Full Text Available Phelipanche ramosa (L. Pomel (branched broomrape is a holoparasitic plant that reproduces on crops and also on weeds, which contributes to increase the parasite seed bank in fields. This parasite extracts all its nutrients at the host's expense so that host-parasite trophic relationships are crucial to determine host and parasite growth. This study quantified the intensity with which P. ramosa draws assimilates from its host and analyzed whether it varied with host species, host phenological stage and host growth rate. A greenhouse experiment was conducted on three host species: the crop species Brassica napus (L. (oilseed rape and two weed species, Capsella bursa-pastoris (L. Medik. and Geranium dissectum (L.. Plants were grown with or without P. ramosa and under three light levels to modulate host growth rate. The proportion of host biomass loss due to parasitism by P. ramosa differed between host species (at host fructification, biomass loss ranged from 34% to 84%. Brassica napus and C. bursa-pastoris displayed a similar response to P. ramosa, probably because they belong to the same botanical family. The sensitivity to P. ramosa in each host species could be related to the precocity of P. ramosa development on them. Host compartments could be ranked as a function of their sensitivity to parasitism, with the reproductive compartment being the most severely affected, followed by stems and roots. The proportion of biomass allocated to leaves was not reduced by parasitism. The proportion of pathosystem biomass allocated to the parasite depended on host species. It generally increased with host stage progression but was constant across light induced-host growth rate, showing that P. ramosa adapts its growth to host biomass production. The rank order of host species in terms of sink strength differed from that in terms of host sensitivity. Finally, for B. napus, the biomass of individual parasite shoots decreased with increasing their number per

  6. Host sharing and host manipulation by larval helminths in shore crabs: cooperation or conflict?

    Science.gov (United States)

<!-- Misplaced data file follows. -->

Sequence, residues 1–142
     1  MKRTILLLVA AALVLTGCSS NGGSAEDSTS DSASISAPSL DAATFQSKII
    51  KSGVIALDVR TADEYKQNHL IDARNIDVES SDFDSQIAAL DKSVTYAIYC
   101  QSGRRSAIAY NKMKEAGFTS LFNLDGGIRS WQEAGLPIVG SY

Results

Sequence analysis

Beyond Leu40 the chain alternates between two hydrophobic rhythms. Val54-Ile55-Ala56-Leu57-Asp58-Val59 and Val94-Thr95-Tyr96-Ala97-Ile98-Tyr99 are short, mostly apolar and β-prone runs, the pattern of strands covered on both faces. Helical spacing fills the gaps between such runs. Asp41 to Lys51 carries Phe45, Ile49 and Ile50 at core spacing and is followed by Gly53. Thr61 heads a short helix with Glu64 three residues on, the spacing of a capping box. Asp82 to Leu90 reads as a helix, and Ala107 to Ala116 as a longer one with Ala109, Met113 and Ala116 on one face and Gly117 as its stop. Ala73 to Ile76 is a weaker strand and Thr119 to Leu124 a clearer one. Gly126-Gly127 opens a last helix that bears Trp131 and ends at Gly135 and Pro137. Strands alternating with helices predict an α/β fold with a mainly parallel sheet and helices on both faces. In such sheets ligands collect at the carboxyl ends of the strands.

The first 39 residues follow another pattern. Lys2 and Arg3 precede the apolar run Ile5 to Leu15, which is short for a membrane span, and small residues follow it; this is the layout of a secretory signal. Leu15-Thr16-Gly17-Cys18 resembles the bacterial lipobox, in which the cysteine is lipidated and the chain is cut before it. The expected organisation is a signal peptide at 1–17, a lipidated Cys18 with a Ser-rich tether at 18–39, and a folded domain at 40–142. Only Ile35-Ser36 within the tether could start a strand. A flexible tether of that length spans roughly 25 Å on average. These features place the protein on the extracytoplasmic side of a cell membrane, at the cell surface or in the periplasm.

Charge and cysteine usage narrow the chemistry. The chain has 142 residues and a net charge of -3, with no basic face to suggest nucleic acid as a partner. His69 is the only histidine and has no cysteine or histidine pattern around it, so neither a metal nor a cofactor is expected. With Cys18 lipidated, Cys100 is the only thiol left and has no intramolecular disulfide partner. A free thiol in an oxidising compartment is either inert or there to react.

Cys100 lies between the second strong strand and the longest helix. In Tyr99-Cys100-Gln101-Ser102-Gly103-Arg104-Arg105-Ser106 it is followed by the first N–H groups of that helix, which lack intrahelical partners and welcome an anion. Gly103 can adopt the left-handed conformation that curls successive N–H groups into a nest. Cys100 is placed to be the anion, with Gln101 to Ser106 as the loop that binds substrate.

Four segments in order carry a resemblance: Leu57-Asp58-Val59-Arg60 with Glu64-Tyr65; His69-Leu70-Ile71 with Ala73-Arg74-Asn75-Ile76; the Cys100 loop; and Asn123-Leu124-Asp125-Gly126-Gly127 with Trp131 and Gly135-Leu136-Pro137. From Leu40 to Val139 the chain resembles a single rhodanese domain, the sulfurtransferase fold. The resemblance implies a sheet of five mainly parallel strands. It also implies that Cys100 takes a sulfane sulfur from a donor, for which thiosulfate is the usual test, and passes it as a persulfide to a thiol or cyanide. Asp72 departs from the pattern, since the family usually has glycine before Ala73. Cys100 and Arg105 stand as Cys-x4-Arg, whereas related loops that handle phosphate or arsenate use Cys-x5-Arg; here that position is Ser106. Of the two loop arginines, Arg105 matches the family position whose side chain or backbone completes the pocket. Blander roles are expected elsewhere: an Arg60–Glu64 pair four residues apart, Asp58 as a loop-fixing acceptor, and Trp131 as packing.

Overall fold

Poulin, Robert; Nichol, Katherine; Latham, A David M

    2003-04-01

    Larval helminths of different species that share the same intermediate host and are transmitted by predation to the same definitive host may cooperate in their attempts to manipulate the behaviour of the intermediate host, while at the same time having conflicts of interests over the use of host resources. A few studies have indicated that intermediate hosts harbouring larval helminths have altered concentrations of neurotransmitters in their nervous system, and thus measuring levels of neurotransmitters in host brains could serve to assess the respective and combined effect of different helminth species on host behaviour. Here, we investigate potential cooperation and conflict among three helminths in two species of crab intermediate hosts. The acanthocephalan Profilicollis spp., the trematode Maritrema sp. and an acuariid nematode, all use Macrophthalmus hirtipes (Ocypodidae) as intermediate host, whereas Profilicollis and Maritrema also use Hemigrapsus crenulatus (Grapsidae). All three helminths mature inside gulls or other shore birds. There was a significant decrease in the mean volume of Profilicollis cystacanths as the intensity of infection by this parasite increased in H. crenulatus, the only host in which this was investigated; however, there was no measurable effect of other helminth species on the size of acanthocephalans, suggesting no interspecific conflict over resource use within crabs. There was, in contrast, evidence of a positive interspecific association between the two most common helminth species: numbers of Profilicollis and Maritrema were positively correlated among crabs, independently of crab size, in M. hirtipes but not H. crenulatus. More importantly, we found that the total number of larval helminths per crab correlated significantly, and negatively, with concentrations of serotonin in crab brains, again only in M. hirtipes; numbers of each parasite species separately did not covary in either crab species with serotonin or dopamine, the